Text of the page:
What makes a mobile-device hotel website successful?

A study involving an IFTM scholar says that the availability of information on promotions is crucial for the mobile-device versions of hotel websites. 

Research Corner | A partnership between Macau Business and the Macao Institute for Tourism Studies (IFTM) 

As the access to smartphones increases around the world, more people are using them to go online. This trend in consumer behaviour has brought with it a wealth of business opportunities for many industries, including tourism, among which the opening of new channels for hotels to connect with their clients. A study made by a scholar of the Macao Institute for Tourism Studies (IFTM) says that hotels can use their official websites as “a powerful and effective marketing tool for fruitful and long-lasting customer relationship management”. 

The study involved IFTM assistant professor Dr Simon Lei, who worked in partnership with Dr Rob Law from the Hong Kong Polytechnic University. They conducted an evaluation of the mobile version of the official websites of a total of 121 hotels in Hong Kong. 

The researchers used a number of criteria to test the websites’ functionality based on the outcome of three rounds of focus-group discussions. The set of criteria they developed covered a total of 37 attributes, each with an assigned weighting. 

With this tool, the researchers investigated the existence on the mobile version samples of details on available hotel facilities, reservations, promotions, and contacts. The study also looked into matters such as the availability of useful information for travellers – including weather conditions, public transportation, and the existence of hotel shuttle services – and the number of language options offered by the websites. 

The research, titled “Functionality evaluation of mobile hotel websites in the m-commerce era”, was published last year in the Journal of Travel and Tourism Marketing. 

Info on promotions were found to be ‘crucial’ for users 

The study showed that participants in the focus-group discussion highlighted as ‘crucial’ the availability of information on promotions on the mobile-device version of a hotel’s official website. “They were particularly interested in seeing seasonal discounts, long-stay packages and [loyalty programmes] membership rewards”, the researchers wrote. 

At the time of their study, Drs Lei and Law noted that official hotel websites faced a “strong competition” from hotel price aggregator websites. The latter allow users to quickly find the lowest price for the same type of hotel room across various accommodation choices in a particular location. 

In the absence of information on promotions, “hotels’ official mobile websites may lose much value”, the researchers stated, citing the results of the focus-group discussion. Under such circumstances, “third-party booking sites (e.g. agoda.com) will be sufficient for the travel needs of the participants”, they added. 

The focus group also pointed to the importance given by consumers to certain particular functions of hotel mobile websites. For instance, the availability of a ‘live-chat’ option that allows website users to interact with hotel staff. “Live-chat capabilities… can help boost customers’ confidence”, stated the researchers. “This way, travellers are assured that they will receive responses on time”.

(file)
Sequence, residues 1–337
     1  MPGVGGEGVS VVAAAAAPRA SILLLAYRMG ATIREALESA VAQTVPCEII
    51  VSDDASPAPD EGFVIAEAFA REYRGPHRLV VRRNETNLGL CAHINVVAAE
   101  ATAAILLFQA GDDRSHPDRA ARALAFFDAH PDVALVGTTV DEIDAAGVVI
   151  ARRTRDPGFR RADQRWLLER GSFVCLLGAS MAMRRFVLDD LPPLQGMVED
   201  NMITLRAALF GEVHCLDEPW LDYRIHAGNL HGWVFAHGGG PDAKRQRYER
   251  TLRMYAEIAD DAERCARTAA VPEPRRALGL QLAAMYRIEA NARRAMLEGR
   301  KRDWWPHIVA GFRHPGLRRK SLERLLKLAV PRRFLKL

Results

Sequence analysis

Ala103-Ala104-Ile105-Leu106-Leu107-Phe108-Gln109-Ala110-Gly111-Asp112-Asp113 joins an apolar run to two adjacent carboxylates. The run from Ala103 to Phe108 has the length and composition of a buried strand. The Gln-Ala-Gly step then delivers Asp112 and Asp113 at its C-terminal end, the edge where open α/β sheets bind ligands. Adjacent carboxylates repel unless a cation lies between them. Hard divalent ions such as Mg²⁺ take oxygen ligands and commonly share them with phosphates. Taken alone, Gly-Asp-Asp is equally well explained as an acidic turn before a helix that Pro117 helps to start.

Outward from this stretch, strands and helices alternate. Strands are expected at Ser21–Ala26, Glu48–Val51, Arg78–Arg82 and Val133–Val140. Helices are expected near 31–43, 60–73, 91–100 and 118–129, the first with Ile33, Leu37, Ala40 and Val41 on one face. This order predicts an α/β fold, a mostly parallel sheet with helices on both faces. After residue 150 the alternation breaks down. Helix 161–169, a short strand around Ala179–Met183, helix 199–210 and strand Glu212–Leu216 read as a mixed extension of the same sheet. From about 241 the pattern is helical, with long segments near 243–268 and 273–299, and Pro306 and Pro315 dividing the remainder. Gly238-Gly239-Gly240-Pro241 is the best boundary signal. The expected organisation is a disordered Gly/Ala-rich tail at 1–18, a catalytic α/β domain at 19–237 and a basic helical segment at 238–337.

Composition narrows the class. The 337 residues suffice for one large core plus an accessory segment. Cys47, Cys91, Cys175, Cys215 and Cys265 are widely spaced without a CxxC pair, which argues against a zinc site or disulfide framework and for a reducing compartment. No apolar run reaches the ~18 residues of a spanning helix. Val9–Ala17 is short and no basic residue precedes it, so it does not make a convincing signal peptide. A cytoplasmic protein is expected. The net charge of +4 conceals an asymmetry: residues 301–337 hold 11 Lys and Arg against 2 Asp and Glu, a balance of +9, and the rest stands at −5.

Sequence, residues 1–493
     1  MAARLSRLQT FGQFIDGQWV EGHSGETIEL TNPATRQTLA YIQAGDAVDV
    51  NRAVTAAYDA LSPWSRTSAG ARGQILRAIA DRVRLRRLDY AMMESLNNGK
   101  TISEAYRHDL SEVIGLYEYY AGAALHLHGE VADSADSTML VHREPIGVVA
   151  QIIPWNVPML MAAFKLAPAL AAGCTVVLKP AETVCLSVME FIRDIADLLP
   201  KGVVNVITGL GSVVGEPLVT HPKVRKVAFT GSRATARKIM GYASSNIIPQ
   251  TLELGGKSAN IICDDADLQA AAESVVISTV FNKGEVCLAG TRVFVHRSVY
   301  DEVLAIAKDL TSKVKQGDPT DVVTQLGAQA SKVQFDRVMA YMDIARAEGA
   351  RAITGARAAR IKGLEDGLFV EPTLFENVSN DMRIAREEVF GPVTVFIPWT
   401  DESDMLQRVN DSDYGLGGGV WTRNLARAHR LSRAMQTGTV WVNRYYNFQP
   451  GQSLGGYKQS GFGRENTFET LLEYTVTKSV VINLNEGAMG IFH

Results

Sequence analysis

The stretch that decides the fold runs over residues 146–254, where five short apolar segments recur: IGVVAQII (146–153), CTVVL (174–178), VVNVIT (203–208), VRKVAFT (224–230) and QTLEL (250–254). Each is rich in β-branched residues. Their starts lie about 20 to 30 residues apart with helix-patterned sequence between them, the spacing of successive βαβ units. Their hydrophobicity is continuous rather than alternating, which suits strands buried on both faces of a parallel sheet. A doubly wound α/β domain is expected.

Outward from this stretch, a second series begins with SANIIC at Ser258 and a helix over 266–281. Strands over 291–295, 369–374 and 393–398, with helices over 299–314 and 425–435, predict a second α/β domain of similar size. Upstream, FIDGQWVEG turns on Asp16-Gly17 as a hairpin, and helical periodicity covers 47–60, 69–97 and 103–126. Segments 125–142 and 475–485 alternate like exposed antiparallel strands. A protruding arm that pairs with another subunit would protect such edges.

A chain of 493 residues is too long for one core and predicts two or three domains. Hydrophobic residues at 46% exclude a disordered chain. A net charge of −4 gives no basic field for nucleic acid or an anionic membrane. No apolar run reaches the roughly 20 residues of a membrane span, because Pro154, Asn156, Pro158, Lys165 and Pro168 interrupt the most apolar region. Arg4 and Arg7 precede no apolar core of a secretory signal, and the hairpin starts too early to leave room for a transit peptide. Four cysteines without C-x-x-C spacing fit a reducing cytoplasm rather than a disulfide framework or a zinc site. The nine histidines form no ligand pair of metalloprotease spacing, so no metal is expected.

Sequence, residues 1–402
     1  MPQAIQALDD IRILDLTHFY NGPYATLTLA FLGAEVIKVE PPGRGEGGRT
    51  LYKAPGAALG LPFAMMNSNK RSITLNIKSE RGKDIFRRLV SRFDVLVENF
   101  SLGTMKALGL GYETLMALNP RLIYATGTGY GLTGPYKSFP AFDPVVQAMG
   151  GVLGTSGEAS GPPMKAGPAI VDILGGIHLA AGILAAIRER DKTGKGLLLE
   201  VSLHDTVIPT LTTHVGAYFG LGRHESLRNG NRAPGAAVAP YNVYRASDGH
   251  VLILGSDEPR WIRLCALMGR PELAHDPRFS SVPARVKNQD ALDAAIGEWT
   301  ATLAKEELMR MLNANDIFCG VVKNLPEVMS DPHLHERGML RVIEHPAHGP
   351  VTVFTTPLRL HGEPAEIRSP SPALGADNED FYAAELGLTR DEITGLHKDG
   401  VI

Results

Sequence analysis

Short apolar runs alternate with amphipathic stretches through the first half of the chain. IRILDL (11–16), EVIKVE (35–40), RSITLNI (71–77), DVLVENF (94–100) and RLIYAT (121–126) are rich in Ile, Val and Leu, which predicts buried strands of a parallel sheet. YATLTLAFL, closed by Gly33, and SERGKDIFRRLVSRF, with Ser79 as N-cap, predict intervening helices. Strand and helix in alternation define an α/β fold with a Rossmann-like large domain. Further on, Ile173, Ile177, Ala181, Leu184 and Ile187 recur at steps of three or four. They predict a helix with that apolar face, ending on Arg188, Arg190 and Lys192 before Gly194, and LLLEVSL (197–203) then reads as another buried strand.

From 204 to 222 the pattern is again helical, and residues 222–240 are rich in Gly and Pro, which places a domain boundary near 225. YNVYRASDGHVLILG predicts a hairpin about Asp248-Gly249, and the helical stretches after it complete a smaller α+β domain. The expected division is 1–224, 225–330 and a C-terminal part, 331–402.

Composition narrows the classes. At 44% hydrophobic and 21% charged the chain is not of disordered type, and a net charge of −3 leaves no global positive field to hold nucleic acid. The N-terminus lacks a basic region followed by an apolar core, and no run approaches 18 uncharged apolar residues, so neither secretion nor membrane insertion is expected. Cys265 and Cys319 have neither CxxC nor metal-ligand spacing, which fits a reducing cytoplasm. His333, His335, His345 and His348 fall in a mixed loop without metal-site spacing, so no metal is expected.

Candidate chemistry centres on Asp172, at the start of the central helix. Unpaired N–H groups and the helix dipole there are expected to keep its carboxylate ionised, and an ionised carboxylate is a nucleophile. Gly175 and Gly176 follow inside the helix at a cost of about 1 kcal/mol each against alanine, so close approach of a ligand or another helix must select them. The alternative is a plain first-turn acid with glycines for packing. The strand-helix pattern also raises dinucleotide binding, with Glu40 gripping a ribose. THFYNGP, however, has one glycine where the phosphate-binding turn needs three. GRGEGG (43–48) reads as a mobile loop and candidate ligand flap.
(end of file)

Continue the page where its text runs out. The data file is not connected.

The researchers said that hotel-managed websites acted as an official channel between the consumer and the hotel firm. The degree of “preparedness” of the hotel in terms of such web contents – and “completeness”, in terms of the information – can “help improve customer satisfaction and mitigate purchase risk”, Drs Lei and Law added. 

Their evaluation of the mobile-device versions of hotel websites showed that the functionality performance of such websites was positively correlated with hotel star ratings: hotels with a higher rating – for instance, five stars – were more likely to have a high score regarding the functionality performance of the mobile-device version of their  website. “Luxury hotels arguably have more financial and human resources for the continuous development and maintenance of company-owned websites than other hotels”, suggested the researchers. 

The mobile website evaluation findings however also showed that hotels under the same brand did not necessarily obtain similar functionality scores. Drs Lei and Law stated this seemed to be linked to the degree of corporate-level standardisation. Some brands within a hotel group used similar website templates and booking engines across their properties; other brands had a slightly different approach, allowing more flexibility in presenting and highlighting some of the uniqueness and character of each member hotel via their mobile-friendly websites. 

The researchers: 

Dr Simon Lei is an assistant professor at the Macao Institute for Tourism Studies (IFTM). He holds a doctoral degree in Hotel and Tourism Management from the Hong Kong Polytechnic University. His research interests include information systems management, hospitality management and technology-enabled business firms. Prior to joining IFTM, he held posts in several multinational organisations related respectively to information technology, public utility services, hospitality and tertiary education. 

Dr Rob Law has worked in Canada and Hong Kong in the industrial and academic sectors. He joined the Hong Kong Polytechnic University in 1995: he is currently a Professor at the School of Hotel and Tourism Management at that university. He holds a PhD in Computer Science from the University of Regina, in Saskatchewan, Canada. Dr Law has received many research-related awards and honours, as well as several external and internal research grants. 

The paper 

Simon Lei and Rob Law: “Functionality evaluation of mobile hotel websites in the m-commerce era”, Journal of Travel & Tourism Marketing, Volume 36, Issue 6, pages 665-678, 2019.